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Tech layoffs continue to roil industry with 32,000 jobs cut this year

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The tech industry entered 2024 with another wave of job cuts, shrinking further after last year’s widespread layoffs.

So far, about 32,000 tech workers have lost their jobs in 2024, according to, a startup that has been tracking job cuts in the industry since the pandemic.

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Snap Inc. became the latest example, announcing on Feb. 5 that it will reduce its workforce by about 10 percent, or about 540 employees. Earlier this month, software company Okta Inc. said it would cut seven percent of its staff to cut costs, affecting about 400 employees. The list goes on, including Big Tech employers like Inc., Salesforce Inc. and Meta Platforms Inc.

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This year, “tech companies are still trying to correct their overhiring during the pandemic surge, as the high interest rate environment and tech slowdown have lasted longer than initially expected,” the Layoffs founder wrote. fyi, Roger Lee, in an email.

According to Lee, there have been two main waves of job cuts in recent years. The peak of “early Covid,” from the first to second quarter of 2020, and the “rising interest rates” effect, which has been occurring since the second quarter of 2022. “This year’s layoffs are typically more smaller and more specific than the layoffs a year ago,” Lee said.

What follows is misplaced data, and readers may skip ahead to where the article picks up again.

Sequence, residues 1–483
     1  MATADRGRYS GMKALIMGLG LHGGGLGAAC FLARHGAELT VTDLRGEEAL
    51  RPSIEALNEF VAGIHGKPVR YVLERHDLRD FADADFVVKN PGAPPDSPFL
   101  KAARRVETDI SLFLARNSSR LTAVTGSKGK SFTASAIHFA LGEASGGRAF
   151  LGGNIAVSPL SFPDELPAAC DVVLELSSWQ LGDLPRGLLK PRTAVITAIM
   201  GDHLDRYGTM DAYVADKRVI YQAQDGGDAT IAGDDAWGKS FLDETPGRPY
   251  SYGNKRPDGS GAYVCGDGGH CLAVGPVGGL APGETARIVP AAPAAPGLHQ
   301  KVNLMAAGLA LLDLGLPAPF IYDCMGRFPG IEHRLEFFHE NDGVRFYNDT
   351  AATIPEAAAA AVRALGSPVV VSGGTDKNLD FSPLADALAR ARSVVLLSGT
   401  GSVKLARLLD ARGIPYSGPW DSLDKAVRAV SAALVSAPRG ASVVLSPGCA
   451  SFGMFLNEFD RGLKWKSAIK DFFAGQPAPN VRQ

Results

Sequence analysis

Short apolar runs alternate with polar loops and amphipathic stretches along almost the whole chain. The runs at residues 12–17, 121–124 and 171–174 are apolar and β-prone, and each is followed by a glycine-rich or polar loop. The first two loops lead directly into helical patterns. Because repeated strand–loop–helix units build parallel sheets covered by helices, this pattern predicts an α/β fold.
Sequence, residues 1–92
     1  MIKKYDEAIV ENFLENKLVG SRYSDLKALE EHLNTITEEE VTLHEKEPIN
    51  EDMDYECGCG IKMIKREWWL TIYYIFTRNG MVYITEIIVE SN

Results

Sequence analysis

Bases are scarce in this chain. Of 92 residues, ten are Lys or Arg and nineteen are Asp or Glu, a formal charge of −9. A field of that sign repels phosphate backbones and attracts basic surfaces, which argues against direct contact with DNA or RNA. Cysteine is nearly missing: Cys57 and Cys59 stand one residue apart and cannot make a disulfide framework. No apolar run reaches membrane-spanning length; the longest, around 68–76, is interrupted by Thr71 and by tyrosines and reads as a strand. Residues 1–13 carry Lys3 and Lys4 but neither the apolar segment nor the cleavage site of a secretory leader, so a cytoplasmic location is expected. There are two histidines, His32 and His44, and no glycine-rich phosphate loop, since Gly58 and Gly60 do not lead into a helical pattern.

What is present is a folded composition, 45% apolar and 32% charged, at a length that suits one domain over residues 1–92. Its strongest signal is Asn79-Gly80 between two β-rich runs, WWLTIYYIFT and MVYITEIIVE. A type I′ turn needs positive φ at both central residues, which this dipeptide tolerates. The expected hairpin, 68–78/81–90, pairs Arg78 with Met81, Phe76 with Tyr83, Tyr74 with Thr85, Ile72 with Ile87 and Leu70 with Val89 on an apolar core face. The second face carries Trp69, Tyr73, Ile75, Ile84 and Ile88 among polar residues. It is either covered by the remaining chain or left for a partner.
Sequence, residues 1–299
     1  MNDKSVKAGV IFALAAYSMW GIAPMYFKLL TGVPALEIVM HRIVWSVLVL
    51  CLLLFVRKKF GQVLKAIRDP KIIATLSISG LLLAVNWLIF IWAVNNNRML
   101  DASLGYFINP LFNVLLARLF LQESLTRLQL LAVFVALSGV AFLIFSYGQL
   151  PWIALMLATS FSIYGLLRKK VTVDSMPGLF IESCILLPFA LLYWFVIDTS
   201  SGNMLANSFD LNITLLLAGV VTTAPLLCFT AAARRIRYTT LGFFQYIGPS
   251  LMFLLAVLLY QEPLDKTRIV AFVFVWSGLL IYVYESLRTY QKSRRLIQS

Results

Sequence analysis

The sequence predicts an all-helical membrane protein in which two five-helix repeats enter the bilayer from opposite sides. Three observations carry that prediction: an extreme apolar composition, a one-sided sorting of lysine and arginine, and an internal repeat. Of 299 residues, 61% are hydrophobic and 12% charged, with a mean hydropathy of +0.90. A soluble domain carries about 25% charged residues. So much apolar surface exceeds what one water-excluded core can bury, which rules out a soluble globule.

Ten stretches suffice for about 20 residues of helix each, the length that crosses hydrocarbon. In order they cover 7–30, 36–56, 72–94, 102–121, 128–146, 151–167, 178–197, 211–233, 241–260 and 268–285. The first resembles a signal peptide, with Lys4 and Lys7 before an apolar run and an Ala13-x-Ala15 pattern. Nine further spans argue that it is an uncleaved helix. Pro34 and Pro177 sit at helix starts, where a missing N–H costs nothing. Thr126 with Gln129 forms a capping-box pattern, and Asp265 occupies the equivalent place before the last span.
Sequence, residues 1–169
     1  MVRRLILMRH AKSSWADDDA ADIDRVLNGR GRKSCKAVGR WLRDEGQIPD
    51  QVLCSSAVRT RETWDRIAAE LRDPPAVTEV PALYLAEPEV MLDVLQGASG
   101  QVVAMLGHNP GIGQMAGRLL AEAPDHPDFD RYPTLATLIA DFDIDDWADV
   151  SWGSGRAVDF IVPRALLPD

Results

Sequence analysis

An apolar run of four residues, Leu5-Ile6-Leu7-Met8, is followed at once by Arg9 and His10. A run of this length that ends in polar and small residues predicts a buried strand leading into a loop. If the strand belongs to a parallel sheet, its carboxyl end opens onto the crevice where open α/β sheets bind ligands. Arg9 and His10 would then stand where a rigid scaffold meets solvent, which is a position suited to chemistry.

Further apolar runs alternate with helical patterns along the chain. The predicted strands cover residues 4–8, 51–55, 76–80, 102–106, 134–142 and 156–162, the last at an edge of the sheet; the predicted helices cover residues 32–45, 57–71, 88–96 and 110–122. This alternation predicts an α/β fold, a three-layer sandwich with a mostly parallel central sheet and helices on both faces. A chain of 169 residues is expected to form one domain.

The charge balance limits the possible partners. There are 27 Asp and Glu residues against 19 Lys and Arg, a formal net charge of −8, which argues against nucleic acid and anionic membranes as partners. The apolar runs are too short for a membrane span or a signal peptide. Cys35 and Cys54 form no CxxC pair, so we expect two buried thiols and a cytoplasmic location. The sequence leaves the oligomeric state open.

Although economic factors are the main reason for layoffs in the tech sector, Lee noted that many companies are citing the race for artificial intelligence as a factor as they shift resources to focus on AI talent. According to an analysis by CompTIA, which tracks employment trends in the technology industry, job openings in “artificial intelligence or requiring AI skills increased by about 2,000 from December to January, to 17,479.”

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So even as the industry eliminates some jobs, it is also hiring aggressively in others. According to CompTIA, there were 33,727 active job openings in January, the largest month-over-month increase in 12 months.

“I feel like most of the layoffs have already happened and that companies are going to start to recover,” said Bert Bean, CEO of staffing firm Insight Global. “But it’s still very uncertain.” He expects the market to stay that way for the next two quarters or so, “until the Federal Reserve actually comes out and starts cutting interest rates.”

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